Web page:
When we allow ourselves to get interrupted, what we’re saying is that the interruption is more important than what we’re currently doing. That’s why it feels icky when a friend, colleague, boss or store assistant we’re talking with stops to answer their phone…
Interruptions cost us a great deal. Not just our valuable time, but a train of thought, a great idea, completing an important task and our own priorities. When unchecked, interruptions also add to our own stress and overwhelm.
Learning to deal well with interruptions makes us more effective, more focused, we get more done – and feel better about ourselves too!
But it’s not just others who interrupt us. Over the last 15 years or so and with the advent of social media, phone messaging, Youtube and email (to name but a few) we not only have to deal with others interrupting us, but also have a whole raft of new ways to interrupt ourselves!
FIRST: Build Awareness
The first step in learning to deal with interruptions, is simply AWARENESS. We must begin to consciously notice we have been interrupted* or that we have interrupted ourselves…
* It may seem a little strange to say “notice we have been interrupted”, but so many of us take interruptions in our stride – automatically stopping whatever we’re doing and giving our attention to the interruptor, that yes, we need to consciously notice that we have indeed been interrupted.
THEN: Use the acronym – FECK!
Then, once we have noticed, it really helps to have a “system” or acronym to follow – to help us decide what we do next.
So, inspired by “Father Ted” (an irreverent TV comedy show about a catholic priest banished to a small island in Ireland), I came up with a fun and easy to remember acronym for dealing with interruptions – FECK!
Yes it DOES sound similar to a rather “rude” word. But the plan is that the “shock” factor makes it more memorable – and fun too!
FECK – Your 4 Letter Acronym to Deal With Interruptions:
(And feel free to shout it when interrupted!)
- F – FREEZE: Stop. Don’t move!
- E – EVALUATE: Ask questions.
- C – CHOOSE: Using the answers to your questions, evaluate and make a choice.
- K – KEEP STRONG: Stick to your choice.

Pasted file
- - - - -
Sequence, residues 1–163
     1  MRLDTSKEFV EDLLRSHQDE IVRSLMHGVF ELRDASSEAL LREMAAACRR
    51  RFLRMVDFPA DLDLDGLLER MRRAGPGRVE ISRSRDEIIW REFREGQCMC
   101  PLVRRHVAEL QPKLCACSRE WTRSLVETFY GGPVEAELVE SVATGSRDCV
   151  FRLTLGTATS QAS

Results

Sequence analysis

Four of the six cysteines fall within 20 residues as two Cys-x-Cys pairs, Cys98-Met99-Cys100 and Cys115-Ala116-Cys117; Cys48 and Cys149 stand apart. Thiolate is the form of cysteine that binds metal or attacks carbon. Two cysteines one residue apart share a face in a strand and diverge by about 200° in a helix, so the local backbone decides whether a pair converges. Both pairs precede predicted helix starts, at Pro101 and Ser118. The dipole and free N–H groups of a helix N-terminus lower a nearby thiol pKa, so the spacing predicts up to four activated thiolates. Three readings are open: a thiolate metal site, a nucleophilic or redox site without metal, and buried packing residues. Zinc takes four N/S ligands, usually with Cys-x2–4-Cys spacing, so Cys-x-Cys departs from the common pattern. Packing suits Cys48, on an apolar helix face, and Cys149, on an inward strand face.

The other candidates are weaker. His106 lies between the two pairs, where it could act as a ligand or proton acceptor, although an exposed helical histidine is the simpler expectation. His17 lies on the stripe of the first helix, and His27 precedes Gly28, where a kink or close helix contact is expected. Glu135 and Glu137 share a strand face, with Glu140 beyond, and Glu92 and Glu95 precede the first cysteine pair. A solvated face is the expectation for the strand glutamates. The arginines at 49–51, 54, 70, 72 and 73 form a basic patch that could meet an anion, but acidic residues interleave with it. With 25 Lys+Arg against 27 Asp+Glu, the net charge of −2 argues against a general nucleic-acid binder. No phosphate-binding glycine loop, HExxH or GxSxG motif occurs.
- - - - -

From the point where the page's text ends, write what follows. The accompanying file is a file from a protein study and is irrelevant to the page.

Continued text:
Tips if someone else is interrupting you:
- Questions to ask include: Can this wait? Why now? Who does this interruption benefit? How does this interruption benefit me? Who else could deal better with it? What does my gut feeling say about this?
- Use the answers to your questions to KEEP STRONG and strengthen your resolve. Your time is as valuable as anyone else’s (and more valuable to you!).
- If you do decide to follow the interruption, set your boundaries – take a moment to get clear on exactly why you are needed and for how long. Just because it’s someone else’s urgent or important doesn’t mean YOU have to drop everything!
Tips for when you interrupt yourself:
- Questions to ask include: How does this benefit me? Is this what I really want to be doing? If I continue to allow this interruption – how will I feel at the end of the day? What does my gut feeling say about this?
- Use the answers to your own questions to KEEP STRONG and stick to your choice!
- If you do decide to follow the interruption, set a timer to stay focused and minimise the impact on whatever you were doing before you were interrupted.
We teach others how to treat us – and how we manage interruptions says a lot about how we value ourselves and our time. Show yourself and others that you are important!
“How you spend your time is more important than how you spend your money. Money mistakes can be corrected, but time is gone forever.” David Norris
If you liked this article about dealing with interruptions, you may also like:
- Super-easy Procrastination Tip – When Would NOW Be a Good Time?
- 10 Time Management Tips: Add an Hour to Your Day!
- 25 x Fabulous Inspirational Quotes to Get You Fired up and Back on Track!
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